Hi, Eric
I highly recommend as a reference, Permissions: A Survival Guide, by  Susan Bielstein.  She's the senior editor at the University of Chicago Press for all of their art books.  It's informative but it's also hilarious.  I never thought I'd laugh so much (or at all) while reading a book on illustration copyrights.

Here's the blurb about it:
Organized as a series of “takes” that range from short sidebars to extended discussions, Permissions, A Survival Guide explores intellectual property law as it pertains to visual imagery. How can you determine whether an artwork is copyrighted? How do you procure a high-quality reproduction of an image? What does “fair use” really mean? Is it ever legitimate to use the work of an artist without permission? Bielstein discusses the many uncertainties that plague writers who work with images in this highly visual age, and she does so based on her years navigating precisely these issues. As an editor who has hired a photographer to shoot an incredibly obscure work in the Italian mountains (a plan that backfired hilariously), who has tried to reason with artists’ estates in languages she doesn’t speak, and who has spent her time in the archival trenches, she offers a snappy and humane guide to this difficult terrain.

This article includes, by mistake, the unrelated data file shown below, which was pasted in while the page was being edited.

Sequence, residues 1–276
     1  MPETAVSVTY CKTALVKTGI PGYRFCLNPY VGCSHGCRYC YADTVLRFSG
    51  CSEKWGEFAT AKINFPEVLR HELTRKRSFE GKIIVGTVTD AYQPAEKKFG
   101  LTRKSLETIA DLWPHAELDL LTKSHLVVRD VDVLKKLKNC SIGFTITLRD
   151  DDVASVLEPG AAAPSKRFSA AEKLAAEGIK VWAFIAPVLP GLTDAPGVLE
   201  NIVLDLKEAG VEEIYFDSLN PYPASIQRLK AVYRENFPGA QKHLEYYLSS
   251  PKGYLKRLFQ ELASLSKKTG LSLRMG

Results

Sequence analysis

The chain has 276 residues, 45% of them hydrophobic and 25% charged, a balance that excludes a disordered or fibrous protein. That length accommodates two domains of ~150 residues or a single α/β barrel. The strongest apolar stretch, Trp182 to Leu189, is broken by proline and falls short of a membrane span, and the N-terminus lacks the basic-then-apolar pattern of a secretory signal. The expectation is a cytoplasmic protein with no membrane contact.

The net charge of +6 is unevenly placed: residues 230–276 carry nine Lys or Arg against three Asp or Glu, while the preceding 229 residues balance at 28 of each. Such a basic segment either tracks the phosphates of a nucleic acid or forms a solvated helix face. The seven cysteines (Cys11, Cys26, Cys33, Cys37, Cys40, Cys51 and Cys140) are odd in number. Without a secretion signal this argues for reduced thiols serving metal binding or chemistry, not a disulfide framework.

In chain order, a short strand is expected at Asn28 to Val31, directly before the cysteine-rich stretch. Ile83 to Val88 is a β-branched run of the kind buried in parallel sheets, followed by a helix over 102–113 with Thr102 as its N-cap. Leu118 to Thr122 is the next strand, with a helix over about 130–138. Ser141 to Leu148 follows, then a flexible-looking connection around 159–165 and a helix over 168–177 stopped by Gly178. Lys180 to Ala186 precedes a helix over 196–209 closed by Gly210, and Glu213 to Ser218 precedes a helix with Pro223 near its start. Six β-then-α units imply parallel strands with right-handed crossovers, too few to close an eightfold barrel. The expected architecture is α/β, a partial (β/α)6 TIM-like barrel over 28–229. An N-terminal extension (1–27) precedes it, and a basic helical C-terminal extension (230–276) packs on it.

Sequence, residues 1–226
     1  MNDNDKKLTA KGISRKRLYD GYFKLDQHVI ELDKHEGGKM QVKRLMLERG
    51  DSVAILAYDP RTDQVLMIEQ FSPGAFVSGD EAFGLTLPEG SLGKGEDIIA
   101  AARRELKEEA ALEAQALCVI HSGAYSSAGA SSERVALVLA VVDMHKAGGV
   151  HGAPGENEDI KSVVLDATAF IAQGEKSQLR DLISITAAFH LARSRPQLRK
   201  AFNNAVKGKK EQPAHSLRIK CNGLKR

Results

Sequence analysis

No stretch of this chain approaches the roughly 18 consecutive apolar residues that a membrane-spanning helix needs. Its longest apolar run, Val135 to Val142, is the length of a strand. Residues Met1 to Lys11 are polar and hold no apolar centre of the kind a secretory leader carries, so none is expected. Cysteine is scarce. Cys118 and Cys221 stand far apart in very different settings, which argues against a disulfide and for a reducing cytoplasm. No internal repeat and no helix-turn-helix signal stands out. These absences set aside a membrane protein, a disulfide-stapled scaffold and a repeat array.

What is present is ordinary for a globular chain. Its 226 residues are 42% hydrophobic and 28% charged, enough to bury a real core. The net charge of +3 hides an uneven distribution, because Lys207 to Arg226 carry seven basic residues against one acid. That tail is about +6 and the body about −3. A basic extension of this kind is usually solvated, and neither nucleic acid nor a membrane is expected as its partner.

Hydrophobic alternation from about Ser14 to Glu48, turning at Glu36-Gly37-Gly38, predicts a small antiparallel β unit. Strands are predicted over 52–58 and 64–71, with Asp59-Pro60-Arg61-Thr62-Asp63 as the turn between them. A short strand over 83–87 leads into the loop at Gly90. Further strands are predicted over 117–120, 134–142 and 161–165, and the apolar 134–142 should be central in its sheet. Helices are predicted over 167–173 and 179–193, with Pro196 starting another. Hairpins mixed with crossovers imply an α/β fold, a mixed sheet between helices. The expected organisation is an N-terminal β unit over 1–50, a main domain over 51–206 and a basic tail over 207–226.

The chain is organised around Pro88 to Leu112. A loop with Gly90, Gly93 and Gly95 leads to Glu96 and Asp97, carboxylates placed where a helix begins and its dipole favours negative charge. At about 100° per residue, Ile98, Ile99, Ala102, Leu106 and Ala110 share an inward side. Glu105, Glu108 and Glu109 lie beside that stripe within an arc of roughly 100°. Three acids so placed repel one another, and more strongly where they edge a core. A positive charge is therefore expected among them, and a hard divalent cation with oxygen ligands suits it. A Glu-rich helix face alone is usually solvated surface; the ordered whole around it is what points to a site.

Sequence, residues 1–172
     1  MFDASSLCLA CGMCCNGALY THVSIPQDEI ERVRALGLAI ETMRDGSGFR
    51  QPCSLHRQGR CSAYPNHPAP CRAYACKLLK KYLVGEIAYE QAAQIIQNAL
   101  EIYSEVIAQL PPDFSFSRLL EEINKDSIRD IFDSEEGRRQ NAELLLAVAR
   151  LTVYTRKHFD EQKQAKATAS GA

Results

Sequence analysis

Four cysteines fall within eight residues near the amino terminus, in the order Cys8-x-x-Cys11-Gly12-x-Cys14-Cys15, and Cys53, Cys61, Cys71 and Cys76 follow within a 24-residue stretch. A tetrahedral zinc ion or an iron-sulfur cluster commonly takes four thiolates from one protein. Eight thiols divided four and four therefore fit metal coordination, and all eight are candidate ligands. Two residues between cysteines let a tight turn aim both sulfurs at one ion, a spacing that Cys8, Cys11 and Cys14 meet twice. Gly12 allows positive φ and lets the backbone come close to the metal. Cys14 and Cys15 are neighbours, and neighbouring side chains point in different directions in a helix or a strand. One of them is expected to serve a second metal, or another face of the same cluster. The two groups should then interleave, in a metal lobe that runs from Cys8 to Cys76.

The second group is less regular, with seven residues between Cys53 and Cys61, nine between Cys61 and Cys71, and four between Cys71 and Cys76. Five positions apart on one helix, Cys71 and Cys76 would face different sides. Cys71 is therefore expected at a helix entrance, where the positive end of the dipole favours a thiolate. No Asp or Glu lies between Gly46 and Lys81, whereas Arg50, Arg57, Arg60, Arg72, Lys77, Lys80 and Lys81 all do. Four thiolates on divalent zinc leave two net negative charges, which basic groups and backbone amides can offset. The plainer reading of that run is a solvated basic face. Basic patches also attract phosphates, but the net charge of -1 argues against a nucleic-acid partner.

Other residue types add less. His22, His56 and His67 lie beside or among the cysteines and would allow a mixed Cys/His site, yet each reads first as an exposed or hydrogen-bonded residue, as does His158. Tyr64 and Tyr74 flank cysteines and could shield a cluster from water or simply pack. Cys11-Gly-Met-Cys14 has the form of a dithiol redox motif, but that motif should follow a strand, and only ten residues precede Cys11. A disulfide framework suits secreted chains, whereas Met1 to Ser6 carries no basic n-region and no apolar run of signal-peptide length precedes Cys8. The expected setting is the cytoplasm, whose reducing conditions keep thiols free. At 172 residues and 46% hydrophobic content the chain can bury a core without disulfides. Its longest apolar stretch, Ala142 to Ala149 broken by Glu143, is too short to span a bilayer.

On Mon, Dec 2, 2019 at 9:19 AM Eric <eric.feinstein@otocast.com> wrote:

Hi –


What are the proper steps that should be employed if you are publishing a book and want to include an image of a public art piece?

For sake of discussion, this is not a book about public art, but might use the art to illustrate concepts on space or well-being, or even anatomy.


Thanks in advance.


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